Gordon Campbell | Parliament TV | Parliament Today | News Video | Crime | Employers | Housing | Immigration | Legal | Local Govt. | Maori | Welfare | Unions | Youth | Search


Police Action On Zemin Protesters First Hand

Scoop recieved this first hand account of the police action during the September 1999 state visit by Chinese President Jiang Zemin, which was strongly criticised in a Justice and Electoral Select Committee inquiry.

- ZEMIN PROTESTS: The Police Commissioner says it was only because protesters became violent that police moved them during a free Tibet protest while Chinese President Jiang Zemin was in New Zealand last year. Former Prime Minister Jenny Shipley says she spoke to police but did not instruct them on how to handle the protest. However, the manager of the hotel where Shipley was due to meet Zemin for a state dinner said Mrs. Shipley was urging police to move the protesters because Mr. Zemin’s arrival was being delayed. .......

Also on TV 1's Breakfast programme this morning, Kommisar Rob Robinson, said that Police moved into the protest because a fight broke out amongst the protestors, and that the handles of the placards were potentially weapons.

He also said that Protestors have to bear some responsibility for what happened. (Assuming that the protestors have to take responsibility for having the Police come over the barricade and beat the hell out of them and push them back a hundred odd meters during what was a peaceful and lawful protest)

NZMD2K's comments...... ( and I was there......)

The fight that broke out, was in fact about 10 meters away from the protest, and did not involve protestors but was between two 'street people' who (as we found out later) had an ongoing feud and just happened to come across each other at that time and place. The fight was not broken up by the police and was in fact stopped by protestors, including myself. The two street people who fought, were taken into the back of the police van, but were released from the back of the van a short time afterwards, apparently without being charged for anything. What also is of concern is the timeline between this fight and the police using it as justification for their actions. The fight was well over and forgotten by the time the police jumped over the barricades. At least a half an hour later. No doubt a defence to the delay would be that they needed more reinforcements to push the protest back, I wonder if they will attempt to use this one.......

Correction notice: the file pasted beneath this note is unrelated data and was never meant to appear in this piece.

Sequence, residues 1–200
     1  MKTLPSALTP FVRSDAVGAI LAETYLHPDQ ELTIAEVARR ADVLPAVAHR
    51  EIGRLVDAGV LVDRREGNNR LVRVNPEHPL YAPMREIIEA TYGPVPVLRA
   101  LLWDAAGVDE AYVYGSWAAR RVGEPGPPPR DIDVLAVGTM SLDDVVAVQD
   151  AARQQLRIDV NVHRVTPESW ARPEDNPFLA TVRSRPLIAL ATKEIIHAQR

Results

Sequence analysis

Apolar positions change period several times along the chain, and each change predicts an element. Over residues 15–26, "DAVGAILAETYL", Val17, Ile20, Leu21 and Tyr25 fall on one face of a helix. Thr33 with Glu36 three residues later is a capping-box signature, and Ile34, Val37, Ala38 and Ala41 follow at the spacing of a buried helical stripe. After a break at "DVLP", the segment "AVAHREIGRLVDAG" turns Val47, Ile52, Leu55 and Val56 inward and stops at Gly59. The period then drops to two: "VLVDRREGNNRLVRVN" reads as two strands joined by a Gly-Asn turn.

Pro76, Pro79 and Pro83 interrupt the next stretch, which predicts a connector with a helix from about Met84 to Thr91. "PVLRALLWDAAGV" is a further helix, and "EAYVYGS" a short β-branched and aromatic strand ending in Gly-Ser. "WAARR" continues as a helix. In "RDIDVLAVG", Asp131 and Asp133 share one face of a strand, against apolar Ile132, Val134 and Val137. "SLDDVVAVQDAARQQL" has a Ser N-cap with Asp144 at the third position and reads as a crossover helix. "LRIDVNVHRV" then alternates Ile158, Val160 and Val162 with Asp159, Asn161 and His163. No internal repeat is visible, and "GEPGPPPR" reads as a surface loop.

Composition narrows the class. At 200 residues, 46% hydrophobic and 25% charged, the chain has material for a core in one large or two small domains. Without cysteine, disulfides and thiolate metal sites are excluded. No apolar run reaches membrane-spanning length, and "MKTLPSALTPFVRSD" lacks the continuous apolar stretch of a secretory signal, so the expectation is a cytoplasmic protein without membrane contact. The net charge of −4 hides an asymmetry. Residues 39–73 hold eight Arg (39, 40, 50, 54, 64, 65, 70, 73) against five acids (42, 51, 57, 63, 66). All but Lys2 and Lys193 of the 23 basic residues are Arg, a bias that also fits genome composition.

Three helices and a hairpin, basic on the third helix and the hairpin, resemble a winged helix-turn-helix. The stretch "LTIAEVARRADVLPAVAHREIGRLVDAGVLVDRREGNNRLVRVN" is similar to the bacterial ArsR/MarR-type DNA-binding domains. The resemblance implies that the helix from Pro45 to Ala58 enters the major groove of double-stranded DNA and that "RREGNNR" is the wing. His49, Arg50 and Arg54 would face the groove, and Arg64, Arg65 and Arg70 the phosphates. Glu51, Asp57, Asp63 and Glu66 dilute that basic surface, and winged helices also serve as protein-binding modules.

The 'Potential weapons' (Placard handles) that Rob Robinson made comment on this morning have been used for numerous (too many to count!) protests before and after the Free Tibet protest. Never before have the handles of the placards been confiscated by the Police nor has they even been mentioned by the Police on a protest previously, due to the possibility of them becoming weapons.

No-one in the crowd of protestors had lengths of wood, as the Police Komissar stated this morning, all handles were attached to placards during the protest. It wasn't until the Police came over the barricades and started grabbing the placards from the demonstrators that the placards became dislodged from the handles. Maybe it has something to do with the way that the Police stood on the placards and pulled the handles from them. There is video footage of exactly this happening.